In April of this year, I walked past a Railway yard and spotted dozens and dozens of logs, there must have been hundreds of tons of wood. From the outside of the Railway yard there was no indication of what the place was, even the name was a bit ambiguous. Living in a town where everything from the local chip shop to the local school and taxi firm has a “Mayflower” in its name, the “Mayflower Project” could have been anything. Being the inquisitive type, I went home and Googled it. Turns out they were building the Mayflower! I went to the website to see how much they had built and if I could get in to see it. Back then the website had no information on the build. I had no idea if it was built, or being built, or if I could even see it and it was sadly lacking in photos or any kind of live video link.
The next day I ventured back there and met a guy called Sean Day. I mentioned being interested in the build and also that I’d like to take photos and start a blog to document the build, hopefully helping people see just how the build was progressing. Strangely enough, he agreed. In the time since then, my little project has turned into a blog that has received over 14,000 visits in the last eight months.
After helping with a few tours, my Mayflower knowledge was soon expanded when I was given a wonderful gift of “Mayflower: The voyage that changed the world”, a book that I read in one sitting and have read a few times since. It is thanks to this book (and the wonderful friend that gave it to me) that I can now spout facts and figures about the Mayflower voyage as well as several of the main characters involved.
This brings us to December and the current build. You’ll see from the blog that the build has gone from tons of English oak in the yard, to what is rapidly becoming recognisable as a ship. I did think that Frame 20 may have been up before Christmas (and it may still be), but after a visit today, I was told it was unsafe to lift the frame due to the high winds. If this is not done within the next week, I’m assuming it’ll be lifted into place in early Jan and I’ll hopefully be there to get pics for you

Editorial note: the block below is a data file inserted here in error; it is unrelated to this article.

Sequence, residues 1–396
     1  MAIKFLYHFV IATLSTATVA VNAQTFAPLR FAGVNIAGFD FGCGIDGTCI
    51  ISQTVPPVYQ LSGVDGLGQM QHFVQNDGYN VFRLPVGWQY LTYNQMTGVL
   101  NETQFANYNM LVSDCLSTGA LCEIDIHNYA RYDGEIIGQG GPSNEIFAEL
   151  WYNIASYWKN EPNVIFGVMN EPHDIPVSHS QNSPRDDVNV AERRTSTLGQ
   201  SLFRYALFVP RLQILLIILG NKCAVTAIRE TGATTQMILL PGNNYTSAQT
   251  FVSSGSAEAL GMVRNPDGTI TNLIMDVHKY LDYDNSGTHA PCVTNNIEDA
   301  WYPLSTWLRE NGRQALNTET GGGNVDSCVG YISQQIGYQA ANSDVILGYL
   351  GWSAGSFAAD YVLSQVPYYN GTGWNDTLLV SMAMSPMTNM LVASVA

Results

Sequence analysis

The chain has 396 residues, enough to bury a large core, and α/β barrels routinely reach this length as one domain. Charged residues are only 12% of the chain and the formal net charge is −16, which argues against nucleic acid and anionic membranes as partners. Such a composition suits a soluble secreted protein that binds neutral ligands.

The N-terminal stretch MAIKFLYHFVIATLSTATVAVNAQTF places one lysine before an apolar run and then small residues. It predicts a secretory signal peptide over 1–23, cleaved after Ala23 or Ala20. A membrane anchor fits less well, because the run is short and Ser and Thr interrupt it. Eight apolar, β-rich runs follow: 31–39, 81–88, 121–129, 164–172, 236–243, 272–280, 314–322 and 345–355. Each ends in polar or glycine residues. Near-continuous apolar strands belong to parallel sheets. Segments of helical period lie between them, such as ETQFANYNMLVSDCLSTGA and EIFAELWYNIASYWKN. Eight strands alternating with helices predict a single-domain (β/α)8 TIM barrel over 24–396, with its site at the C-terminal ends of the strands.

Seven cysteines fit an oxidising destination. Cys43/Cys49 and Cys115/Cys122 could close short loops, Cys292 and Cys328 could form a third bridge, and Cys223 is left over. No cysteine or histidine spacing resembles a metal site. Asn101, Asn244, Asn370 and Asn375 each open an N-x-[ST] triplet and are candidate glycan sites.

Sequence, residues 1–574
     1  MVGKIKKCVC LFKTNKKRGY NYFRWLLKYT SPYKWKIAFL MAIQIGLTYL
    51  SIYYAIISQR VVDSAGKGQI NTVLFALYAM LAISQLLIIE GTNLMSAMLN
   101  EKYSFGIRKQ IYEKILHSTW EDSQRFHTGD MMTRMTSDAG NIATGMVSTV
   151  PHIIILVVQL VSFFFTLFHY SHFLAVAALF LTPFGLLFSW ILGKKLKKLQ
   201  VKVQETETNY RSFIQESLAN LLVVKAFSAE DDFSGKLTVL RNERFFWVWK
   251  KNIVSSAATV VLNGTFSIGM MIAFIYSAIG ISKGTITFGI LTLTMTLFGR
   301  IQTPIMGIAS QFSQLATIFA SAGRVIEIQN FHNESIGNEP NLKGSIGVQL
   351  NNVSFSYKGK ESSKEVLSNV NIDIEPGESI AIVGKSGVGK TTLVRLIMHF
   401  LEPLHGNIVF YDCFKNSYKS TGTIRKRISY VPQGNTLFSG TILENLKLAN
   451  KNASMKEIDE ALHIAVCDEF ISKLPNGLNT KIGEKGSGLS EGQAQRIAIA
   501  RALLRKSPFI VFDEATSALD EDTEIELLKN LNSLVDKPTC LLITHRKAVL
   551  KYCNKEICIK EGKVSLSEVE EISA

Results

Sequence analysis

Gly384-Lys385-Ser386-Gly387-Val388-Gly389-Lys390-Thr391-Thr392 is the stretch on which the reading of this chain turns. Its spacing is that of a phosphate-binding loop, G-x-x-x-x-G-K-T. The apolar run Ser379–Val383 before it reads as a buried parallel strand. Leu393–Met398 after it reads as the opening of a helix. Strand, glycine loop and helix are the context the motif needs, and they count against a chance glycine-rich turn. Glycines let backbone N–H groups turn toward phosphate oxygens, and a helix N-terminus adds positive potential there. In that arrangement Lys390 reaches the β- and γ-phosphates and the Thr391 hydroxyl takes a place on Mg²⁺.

As this is likely to be my last post before the end of the year, I’d like to take a little bit of your time to mention a few people: Sean Day, for getting over his initial worries that I was a “nut with a camera” and allowing me access to the Project. Chris, Tony, Brett, Tasha and Dave for being ever patient with me, answering all my questions and allowing me to poke my camera in their faces while they try to build the Mayflower. Mick, the yard manager, whose constant cry of “Oi, where the bloody hell do you think you’re going” seems to follow me around. Yasmine and Toni, the admin ladies that are always ready with a smile and an answer to all my questions. Steph, who has more artistic talent in her little finger than I have in the whole of my body. Paul, gotta love that goatee. Tom Daly, the Project chairman. A man whose quiet demeanour and lilting Irish brogue belies a passion and fervour for the Project that will see it completed, no matter what stands in his way.
Finally, a huge thank you to my friend across the pond for sending me that book. A wonderful surprise gift that ignited my passion for the Mayflower and one of the reasons I’m so interested in seeing this project all the way through to the end.
Well that’s it really, it just remains for me to say thank you to you dear reader. You’re why I write this blog and why I continue to annoy the shipwrights at the Mayflower Project. Thanks for being here over the last few months, I hope to see you again in the New Year as the Mayflower continues to grow and I continue to update you on the build. Have a wonderful Christmas and a safe and Happy New Year.